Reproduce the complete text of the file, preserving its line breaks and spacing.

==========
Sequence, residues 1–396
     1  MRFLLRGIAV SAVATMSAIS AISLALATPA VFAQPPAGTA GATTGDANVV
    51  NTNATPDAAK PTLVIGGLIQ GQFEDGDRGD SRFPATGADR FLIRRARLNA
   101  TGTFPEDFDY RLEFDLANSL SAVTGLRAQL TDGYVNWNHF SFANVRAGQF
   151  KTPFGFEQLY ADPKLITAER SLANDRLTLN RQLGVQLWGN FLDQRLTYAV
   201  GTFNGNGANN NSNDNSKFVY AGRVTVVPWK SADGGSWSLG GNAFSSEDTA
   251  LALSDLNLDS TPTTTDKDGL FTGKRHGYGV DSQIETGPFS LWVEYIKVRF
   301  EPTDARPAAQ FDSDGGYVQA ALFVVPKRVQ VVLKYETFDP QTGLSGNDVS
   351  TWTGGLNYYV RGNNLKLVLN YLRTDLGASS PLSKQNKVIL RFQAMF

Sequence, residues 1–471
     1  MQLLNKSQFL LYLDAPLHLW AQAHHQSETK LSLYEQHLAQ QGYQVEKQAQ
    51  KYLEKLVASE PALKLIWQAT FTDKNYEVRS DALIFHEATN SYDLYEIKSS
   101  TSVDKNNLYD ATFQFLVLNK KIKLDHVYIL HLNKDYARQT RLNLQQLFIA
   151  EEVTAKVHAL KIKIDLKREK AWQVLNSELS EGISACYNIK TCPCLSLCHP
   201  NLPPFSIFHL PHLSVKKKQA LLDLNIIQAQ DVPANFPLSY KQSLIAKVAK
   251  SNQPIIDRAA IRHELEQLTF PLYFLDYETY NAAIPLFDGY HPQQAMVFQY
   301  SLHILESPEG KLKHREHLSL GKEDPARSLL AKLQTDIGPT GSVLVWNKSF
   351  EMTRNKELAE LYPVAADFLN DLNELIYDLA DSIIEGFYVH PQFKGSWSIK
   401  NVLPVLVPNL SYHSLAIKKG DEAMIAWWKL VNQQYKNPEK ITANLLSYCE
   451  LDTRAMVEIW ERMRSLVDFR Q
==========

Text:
Sequence, residues 1–396
     1  MRFLLRGIAV SAVATMSAIS AISLALATPA VFAQPPAGTA GATTGDANVV
    51  NTNATPDAAK PTLVIGGLIQ GQFEDGDRGD SRFPATGADR FLIRRARLNA
   101  TGTFPEDFDY RLEFDLANSL SAVTGLRAQL TDGYVNWNHF SFANVRAGQF
   151  KTPFGFEQLY ADPKLITAER SLANDRLTLN RQLGVQLWGN FLDQRLTYAV
   201  GTFNGNGANN NSNDNSKFVY AGRVTVVPWK SADGGSWSLG GNAFSSEDTA
   251  LALSDLNLDS TPTTTDKDGL FTGKRHGYGV DSQIETGPFS LWVEYIKVRF
   301  EPTDARPAAQ FDSDGGYVQA ALFVVPKRVQ VVLKYETFDP QTGLSGNDVS
   351  TWTGGLNYYV RGNNLKLVLN YLRTDLGASS PLSKQNKVIL RFQAMF

Sequence, residues 1–471
     1  MQLLNKSQFL LYLDAPLHLW AQAHHQSETK LSLYEQHLAQ QGYQVEKQAQ
    51  KYLEKLVASE PALKLIWQAT FTDKNYEVRS DALIFHEATN SYDLYEIKSS
   101  TSVDKNNLYD ATFQFLVLNK KIKLDHVYIL HLNKDYARQT RLNLQQLFIA
   151  EEVTAKVHAL KIKIDLKREK AWQVLNSELS EGISACYNIK TCPCLSLCHP
   201  NLPPFSIFHL PHLSVKKKQA LLDLNIIQAQ DVPANFPLSY KQSLIAKVAK
   251  SNQPIIDRAA IRHELEQLTF PLYFLDYETY NAAIPLFDGY HPQQAMVFQY
   301  SLHILESPEG KLKHREHLSL GKEDPARSLL AKLQTDIGPT GSVLVWNKSF
   351  EMTRNKELAE LYPVAADFLN DLNELIYDLA DSIIEGFYVH PQFKGSWSIK
   401  NVLPVLVPNL SYHSLAIKKG DEAMIAWWKL VNQQYKNPEK ITANLLSYCE
   451  LDTRAMVEIW ERMRSLVDFR Q